Halliday & Matthiessen (2014: 138):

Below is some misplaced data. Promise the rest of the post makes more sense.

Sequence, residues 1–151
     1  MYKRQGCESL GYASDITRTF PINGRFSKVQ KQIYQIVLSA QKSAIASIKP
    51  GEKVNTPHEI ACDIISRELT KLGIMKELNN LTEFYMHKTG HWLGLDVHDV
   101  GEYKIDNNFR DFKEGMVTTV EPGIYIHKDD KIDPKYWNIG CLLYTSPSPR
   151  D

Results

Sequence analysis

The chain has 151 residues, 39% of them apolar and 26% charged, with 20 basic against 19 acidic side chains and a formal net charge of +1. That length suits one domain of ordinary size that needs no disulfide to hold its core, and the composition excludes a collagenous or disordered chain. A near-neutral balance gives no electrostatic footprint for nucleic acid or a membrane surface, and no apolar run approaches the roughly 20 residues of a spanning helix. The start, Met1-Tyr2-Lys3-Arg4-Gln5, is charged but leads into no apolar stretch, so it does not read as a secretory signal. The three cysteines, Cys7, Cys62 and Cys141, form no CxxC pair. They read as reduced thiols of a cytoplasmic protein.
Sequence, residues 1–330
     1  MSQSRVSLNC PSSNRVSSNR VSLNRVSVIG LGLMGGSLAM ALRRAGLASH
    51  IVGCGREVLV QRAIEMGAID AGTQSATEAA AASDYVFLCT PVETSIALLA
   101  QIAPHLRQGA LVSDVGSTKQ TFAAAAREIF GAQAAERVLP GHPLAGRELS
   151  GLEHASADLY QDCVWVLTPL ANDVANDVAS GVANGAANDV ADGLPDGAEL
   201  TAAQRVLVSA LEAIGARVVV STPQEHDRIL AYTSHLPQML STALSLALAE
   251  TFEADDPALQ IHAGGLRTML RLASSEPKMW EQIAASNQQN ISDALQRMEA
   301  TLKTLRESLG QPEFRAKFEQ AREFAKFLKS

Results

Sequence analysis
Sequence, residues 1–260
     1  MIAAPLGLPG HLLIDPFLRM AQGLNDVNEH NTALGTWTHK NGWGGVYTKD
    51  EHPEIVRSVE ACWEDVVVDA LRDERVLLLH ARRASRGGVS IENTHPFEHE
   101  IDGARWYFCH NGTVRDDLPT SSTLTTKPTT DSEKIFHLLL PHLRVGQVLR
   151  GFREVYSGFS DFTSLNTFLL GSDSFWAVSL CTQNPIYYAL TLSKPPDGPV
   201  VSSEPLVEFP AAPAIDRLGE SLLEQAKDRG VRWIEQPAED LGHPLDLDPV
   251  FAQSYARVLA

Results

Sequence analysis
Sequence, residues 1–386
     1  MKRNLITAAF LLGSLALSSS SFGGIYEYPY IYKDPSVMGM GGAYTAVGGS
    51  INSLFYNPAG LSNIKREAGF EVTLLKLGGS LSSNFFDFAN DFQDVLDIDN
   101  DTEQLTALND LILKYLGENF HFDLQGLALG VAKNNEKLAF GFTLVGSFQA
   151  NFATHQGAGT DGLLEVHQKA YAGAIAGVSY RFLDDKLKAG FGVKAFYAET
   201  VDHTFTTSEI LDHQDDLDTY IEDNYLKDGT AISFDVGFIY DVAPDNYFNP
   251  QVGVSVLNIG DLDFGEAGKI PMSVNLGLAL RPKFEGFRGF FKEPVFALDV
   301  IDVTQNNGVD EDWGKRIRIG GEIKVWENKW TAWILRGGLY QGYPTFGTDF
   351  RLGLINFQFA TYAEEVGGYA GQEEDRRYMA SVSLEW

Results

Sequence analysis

What is more significant, however, is that the whole concept of exchanging information is difficult for a young child to grasp. Goods–&–services are obvious enough: I want you to take what I am holding out, or to go on carrying me, or to pick up what I have just dropped; and although I may use language as a means of getting what I want, the requirement itself is not a linguistic commodity — it is something that arises independently of language. Information, on the other hand, does not; it has no existence except in the form of language. In statements and questions, language itself is the commodity that is being exchanged; and it is by no means simple for a child to internalise the principle that language is used for the purpose of exchanging language. He has no experience of ‘information’ except its manifestation in words.